The Americans with Disabilities Act (ADA) is the federal law that protects disabled individuals from discrimination by state and local governments, employment agencies, labor unions and private employers with 15 or more workers. Federal employees and applicants are covered by similar protections under the Rehabilitation Act of 1973.
New York City law has even broader protections than the ADA for disabled workers. Learn more about reasonable accommodations for disabilities, or contact our firm for a phone consultation with one of our attorneys if you believe you have a discrimination claim. Call 866-654-0343.
New York City Lawyers Representing Clients Facing Discrimination Based On Disability Or Perceived Disability
A person may be disabled if he or she currently (i) has a physical or mental impairment (ii) that substantially limits (iii) one or more major life activities.
"Major life activities" under the ADA include:
- Activities such as walking, reading or communicating
- Bodily functions (i.e., immune, neurological, respiratory, circulatory and reproductive functions)
A person may also be disabled if he or she has a history of disability OR if he or she is "regarded as" disabled. Mitigating measures such as eyeglasses and contact lenses are not considered when determining whether a person is disabled under the ADA. Merely episodic impairments are considered a disability if it would substantially limit a major life activity when active.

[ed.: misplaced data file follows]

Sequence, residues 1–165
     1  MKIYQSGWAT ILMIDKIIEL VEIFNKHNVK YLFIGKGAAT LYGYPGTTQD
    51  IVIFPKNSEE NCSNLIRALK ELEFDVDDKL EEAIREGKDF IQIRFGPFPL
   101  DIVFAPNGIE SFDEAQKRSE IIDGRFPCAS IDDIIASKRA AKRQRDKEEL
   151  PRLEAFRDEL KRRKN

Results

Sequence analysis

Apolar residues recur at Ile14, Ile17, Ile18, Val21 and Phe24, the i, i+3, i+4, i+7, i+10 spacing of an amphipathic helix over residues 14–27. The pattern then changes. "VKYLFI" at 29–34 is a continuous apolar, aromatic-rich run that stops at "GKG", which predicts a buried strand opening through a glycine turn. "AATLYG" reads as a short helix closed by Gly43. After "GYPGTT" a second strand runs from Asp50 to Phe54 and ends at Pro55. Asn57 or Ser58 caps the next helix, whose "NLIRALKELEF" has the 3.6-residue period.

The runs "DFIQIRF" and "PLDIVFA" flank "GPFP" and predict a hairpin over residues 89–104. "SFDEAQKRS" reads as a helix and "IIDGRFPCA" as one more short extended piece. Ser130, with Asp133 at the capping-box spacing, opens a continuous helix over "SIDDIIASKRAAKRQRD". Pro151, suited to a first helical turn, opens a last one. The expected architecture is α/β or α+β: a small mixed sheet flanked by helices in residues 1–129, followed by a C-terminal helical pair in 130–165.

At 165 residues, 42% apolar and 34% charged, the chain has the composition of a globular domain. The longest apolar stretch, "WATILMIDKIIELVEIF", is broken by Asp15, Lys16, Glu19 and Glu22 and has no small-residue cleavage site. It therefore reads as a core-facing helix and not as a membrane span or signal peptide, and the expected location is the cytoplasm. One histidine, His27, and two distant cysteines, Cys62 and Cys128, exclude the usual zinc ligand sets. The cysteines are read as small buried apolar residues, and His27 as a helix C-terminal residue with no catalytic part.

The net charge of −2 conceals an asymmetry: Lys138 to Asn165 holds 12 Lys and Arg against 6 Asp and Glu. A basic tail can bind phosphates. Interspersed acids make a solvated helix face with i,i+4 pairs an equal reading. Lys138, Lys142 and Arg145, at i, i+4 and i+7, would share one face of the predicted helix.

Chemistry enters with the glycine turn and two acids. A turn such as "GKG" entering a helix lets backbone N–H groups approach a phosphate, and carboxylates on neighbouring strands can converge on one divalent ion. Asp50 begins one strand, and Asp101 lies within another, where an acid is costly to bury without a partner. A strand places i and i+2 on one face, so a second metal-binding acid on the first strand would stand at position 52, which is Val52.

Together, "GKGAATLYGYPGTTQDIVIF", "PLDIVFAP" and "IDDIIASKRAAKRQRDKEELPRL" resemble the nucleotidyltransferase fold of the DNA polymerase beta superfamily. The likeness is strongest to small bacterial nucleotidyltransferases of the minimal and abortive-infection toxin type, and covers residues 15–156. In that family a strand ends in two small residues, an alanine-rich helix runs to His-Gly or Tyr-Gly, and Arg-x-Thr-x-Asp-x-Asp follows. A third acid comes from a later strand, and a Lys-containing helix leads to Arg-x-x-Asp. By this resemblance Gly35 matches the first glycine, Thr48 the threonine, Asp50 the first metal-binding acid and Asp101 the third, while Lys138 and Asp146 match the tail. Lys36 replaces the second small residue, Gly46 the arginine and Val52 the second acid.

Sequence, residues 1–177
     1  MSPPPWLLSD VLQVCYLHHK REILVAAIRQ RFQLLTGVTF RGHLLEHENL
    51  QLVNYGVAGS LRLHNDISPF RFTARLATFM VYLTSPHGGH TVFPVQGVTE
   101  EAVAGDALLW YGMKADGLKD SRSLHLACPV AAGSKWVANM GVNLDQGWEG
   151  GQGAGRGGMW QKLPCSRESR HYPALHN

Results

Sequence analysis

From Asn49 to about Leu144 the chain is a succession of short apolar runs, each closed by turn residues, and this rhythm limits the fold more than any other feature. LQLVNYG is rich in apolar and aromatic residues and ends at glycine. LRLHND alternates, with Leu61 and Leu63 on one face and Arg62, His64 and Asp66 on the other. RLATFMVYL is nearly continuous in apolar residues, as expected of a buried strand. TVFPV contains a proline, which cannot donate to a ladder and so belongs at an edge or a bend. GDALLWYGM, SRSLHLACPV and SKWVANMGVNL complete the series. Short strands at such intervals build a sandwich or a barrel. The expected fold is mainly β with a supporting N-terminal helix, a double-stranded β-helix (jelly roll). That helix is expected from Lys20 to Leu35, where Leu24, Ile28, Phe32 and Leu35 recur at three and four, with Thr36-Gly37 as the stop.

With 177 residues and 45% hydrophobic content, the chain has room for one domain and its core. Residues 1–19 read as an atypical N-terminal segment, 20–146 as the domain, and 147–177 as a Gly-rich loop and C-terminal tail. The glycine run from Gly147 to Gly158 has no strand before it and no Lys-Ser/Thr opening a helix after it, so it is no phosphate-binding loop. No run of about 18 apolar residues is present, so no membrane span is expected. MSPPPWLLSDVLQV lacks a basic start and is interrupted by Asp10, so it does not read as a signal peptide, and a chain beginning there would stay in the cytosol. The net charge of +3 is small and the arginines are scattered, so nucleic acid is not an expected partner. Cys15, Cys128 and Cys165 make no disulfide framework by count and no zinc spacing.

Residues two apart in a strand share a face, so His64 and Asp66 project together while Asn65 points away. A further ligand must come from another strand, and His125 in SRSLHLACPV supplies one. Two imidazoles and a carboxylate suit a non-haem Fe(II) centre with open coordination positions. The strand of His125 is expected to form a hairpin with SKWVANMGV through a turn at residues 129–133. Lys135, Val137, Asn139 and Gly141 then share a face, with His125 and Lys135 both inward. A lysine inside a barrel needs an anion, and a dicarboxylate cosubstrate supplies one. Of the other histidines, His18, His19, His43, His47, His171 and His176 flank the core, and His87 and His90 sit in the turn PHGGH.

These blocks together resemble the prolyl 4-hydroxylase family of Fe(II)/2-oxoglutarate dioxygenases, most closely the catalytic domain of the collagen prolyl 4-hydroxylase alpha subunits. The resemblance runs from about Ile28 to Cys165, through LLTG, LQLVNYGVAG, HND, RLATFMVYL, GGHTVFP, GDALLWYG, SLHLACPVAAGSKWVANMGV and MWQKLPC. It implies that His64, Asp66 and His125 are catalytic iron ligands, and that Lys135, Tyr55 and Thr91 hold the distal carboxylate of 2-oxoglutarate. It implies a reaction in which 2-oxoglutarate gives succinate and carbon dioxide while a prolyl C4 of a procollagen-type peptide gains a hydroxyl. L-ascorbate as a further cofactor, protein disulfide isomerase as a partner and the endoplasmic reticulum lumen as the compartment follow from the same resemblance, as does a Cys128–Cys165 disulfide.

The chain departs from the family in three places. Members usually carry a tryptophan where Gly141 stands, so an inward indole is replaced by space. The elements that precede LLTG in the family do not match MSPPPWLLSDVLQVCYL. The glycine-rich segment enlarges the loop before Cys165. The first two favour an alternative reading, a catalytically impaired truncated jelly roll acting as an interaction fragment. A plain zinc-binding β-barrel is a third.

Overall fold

The ADA also protects persons from discrimination in employment based on their relationship with a disabled person. For example, it is unlawful to discriminate against an employee because his wife has a disability.
Understand Your Rights During the Hiring Process
Employers cannot question applicants about their disabilities or require them to undergo a medical examination. However, employers may ask whether an applicant is able to perform the essential functions of the job.
There are specific rules regarding drug testing and the hiring of individuals with past or current addictions:
- Employers can require applicants to take a drug test.
- Employers may deny an individual a job based on current use of illegal drugs.
- An individual who has completed a drug rehabilitation program and has stopped using illegal drugs may be disabled.
- Alcoholism is also considered a disability. However, individuals suffering from alcoholism can still be held to the same performance metrics as other employees.
- Employers may fire or refuse to hire an individual whose disability poses a threat to the health or safety of the individual or other employees.
Contact Fisher Taubenfeld LLP
We offer a free and confidential phone consultation in which you can discuss your workplace mistreatment. Send an email or call 646-741-3490, toll free 866-654-0343, to speak with an experienced New York disability discrimination lawyer.